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Rikki-Tikki-Tavi Paperback – January 6, 2012
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From Publishers Weekly
Copyright 1992 Reed Business Information, Inc. --This text refers to an out of print or unavailable edition of this title.
From School Library Journal
Copyright 1997 Reed Business Information, Inc. --This text refers to an out of print or unavailable edition of this title.
Top Customer Reviews
1. Is the story content appropriate for a reading level that can't yet master the language in the original? If not, it's probably better to wait until a child is linguistically and emotionally ready for the original.
2. Is the quality of the adaptation high enough that it entices, rather than discourages, readers to explore further? If it can't stand on its own merit but only piggybacks on the original's popularity, it may cause the reader to associate the original with mediocrity.
The answer to question 1 will be different for different families and readers. I would say that Rikki-Tikki-Tavi, a young Indian mongoose who is adopted by a British family and drives the venomous snakes out of their home and garden, may appeal more to boys than girls, and parents of sensitive children should certainly screen this book since it contains dramatic animal violence, multiple attempted murders by talking snakes (in one of these a child is threatened), and Rikki-Tikki's merciless execution of many cobras in their eggs. But this story is a classic for good reason: Rikki-Tikki exemplifies courage, loyalty, defending the helpless, and a relentless commitment to oppose the evil snakes regardless of the cost.Read more ›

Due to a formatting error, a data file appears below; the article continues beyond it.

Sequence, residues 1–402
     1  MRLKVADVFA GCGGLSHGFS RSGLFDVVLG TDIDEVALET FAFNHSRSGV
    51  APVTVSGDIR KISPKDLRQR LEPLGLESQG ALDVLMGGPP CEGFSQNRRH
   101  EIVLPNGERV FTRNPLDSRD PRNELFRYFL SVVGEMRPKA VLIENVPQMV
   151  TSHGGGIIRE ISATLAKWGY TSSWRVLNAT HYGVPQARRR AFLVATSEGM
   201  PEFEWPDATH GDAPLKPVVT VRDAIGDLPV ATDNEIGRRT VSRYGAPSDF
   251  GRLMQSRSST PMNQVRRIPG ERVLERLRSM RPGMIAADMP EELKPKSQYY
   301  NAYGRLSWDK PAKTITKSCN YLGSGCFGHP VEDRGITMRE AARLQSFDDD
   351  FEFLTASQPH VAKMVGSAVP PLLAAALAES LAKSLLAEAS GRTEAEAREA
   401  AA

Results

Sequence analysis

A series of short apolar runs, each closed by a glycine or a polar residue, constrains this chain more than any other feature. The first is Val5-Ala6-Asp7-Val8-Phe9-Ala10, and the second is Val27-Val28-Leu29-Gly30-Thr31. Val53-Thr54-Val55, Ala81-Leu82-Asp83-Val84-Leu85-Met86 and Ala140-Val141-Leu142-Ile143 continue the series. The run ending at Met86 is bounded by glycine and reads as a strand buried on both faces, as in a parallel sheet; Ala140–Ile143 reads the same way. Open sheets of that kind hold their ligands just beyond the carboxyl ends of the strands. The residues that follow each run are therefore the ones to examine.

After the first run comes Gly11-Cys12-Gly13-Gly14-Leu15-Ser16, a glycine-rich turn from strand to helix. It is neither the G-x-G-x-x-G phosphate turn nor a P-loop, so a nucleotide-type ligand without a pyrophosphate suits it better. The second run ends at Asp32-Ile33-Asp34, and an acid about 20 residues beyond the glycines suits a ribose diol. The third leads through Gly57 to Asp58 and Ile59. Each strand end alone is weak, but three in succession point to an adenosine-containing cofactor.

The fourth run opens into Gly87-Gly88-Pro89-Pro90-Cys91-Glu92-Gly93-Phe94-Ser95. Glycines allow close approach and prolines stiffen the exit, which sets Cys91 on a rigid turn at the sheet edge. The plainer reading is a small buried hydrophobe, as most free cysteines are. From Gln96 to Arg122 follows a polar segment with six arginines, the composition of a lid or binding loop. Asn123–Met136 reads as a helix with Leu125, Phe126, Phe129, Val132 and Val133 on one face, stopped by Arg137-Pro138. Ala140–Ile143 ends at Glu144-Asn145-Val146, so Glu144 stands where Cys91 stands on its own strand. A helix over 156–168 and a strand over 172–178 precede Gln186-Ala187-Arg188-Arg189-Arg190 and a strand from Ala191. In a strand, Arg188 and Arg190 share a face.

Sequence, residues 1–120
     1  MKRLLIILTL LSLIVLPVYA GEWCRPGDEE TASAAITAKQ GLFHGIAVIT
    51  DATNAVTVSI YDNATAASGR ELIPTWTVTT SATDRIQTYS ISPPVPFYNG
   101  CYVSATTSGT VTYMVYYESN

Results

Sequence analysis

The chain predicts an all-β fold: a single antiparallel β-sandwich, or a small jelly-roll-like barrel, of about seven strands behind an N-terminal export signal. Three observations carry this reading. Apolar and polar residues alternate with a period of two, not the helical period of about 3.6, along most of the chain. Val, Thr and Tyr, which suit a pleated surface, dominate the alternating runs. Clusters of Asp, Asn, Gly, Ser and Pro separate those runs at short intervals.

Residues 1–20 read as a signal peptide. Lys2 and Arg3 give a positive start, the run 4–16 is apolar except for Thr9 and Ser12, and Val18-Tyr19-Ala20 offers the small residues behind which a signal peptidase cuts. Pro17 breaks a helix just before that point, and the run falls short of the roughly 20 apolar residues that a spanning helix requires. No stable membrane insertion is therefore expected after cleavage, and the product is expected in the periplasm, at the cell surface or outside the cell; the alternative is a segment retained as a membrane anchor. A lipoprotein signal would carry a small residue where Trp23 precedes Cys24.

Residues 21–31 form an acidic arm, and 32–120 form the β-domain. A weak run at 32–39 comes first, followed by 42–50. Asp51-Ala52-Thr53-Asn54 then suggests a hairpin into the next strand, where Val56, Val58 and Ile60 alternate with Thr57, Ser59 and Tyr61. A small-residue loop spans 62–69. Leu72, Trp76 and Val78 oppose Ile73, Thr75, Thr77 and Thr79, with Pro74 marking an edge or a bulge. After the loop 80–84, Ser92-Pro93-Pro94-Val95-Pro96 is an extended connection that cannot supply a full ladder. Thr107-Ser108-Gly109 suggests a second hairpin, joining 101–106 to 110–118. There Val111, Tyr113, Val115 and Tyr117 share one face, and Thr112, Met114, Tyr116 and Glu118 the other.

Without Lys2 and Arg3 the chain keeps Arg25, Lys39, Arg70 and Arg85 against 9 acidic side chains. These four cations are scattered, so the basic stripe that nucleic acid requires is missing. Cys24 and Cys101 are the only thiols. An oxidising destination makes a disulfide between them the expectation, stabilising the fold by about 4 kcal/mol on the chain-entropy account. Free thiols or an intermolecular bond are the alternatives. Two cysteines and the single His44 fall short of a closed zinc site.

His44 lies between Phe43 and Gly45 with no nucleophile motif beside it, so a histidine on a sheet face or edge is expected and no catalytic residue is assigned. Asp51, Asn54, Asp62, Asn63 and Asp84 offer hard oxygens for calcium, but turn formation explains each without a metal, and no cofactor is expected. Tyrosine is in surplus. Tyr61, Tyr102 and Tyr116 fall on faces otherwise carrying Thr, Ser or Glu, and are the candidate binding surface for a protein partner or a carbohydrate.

"This is the story of the great war that Rikki-tikki-tavi fought, all by himself, through the English family's house in India". After finding a half-drowned mongoose outside his home, a young boy named Teddy and his family take in the little creature and nurse him to health. A naturally curious creature, the mongoose (named, you must have guessed, Rikki-tikki-tavi for the sounds he makes) explores the home and decides to stay. Good thing that he does too. Lurking in the garden is the deadly cobra Nag and his wife Nagaina. The snakes determine that Rikki is a threat to their unhatched children and decide that if the family dies then Rikki will leave the area. Now Rikki, with the help of the tailor birds Darzee and his wife, must defeat the snakes and defend the family that was kind enough to take him in.Read more ›
~The Rebecca Review
Most Recent Customer Reviews
Read it as a child and needed to read it again. Brought back good memories.Published 6 days ago by Barry Edewaard
Rikki-Tikki-Tavi is one of those childhood stories that is a joy to read again as an adult.Published 10 days ago by zuajac
Great story but truly sad that they put a meerkat on the cover and not a mongoose --Kipling would be appalledPublished 12 days ago by Random Dodger
I highly recommend it to anyone who wants to read this amazing book. I just fell in love with it and I think you will too. Read morePublished 14 days ago by Grayson Wyman
It is good and all. But a low about it's every short. I finished the whole book in one day. It is a very fun children's bookPublished 18 days ago by donald ray foreman
The description says illustrated, this book is not illustrated. VERY disappointed.Published 23 days ago by Amazon Customer
I got what I wanted at a reasonable price in a timely manner.Published 27 days ago by Amazon Customer
I read this story before in Jungle book and although I love all of stories there this one is one of my favoritesPublished 27 days ago by Kindle Customer
Great story from the great Kipling. My 5 year old son has a condensed version with pictures that he enjoys, so I thought he would also like to hear the full story, and he did. Read morePublished 29 days ago by Jose Luis Caceres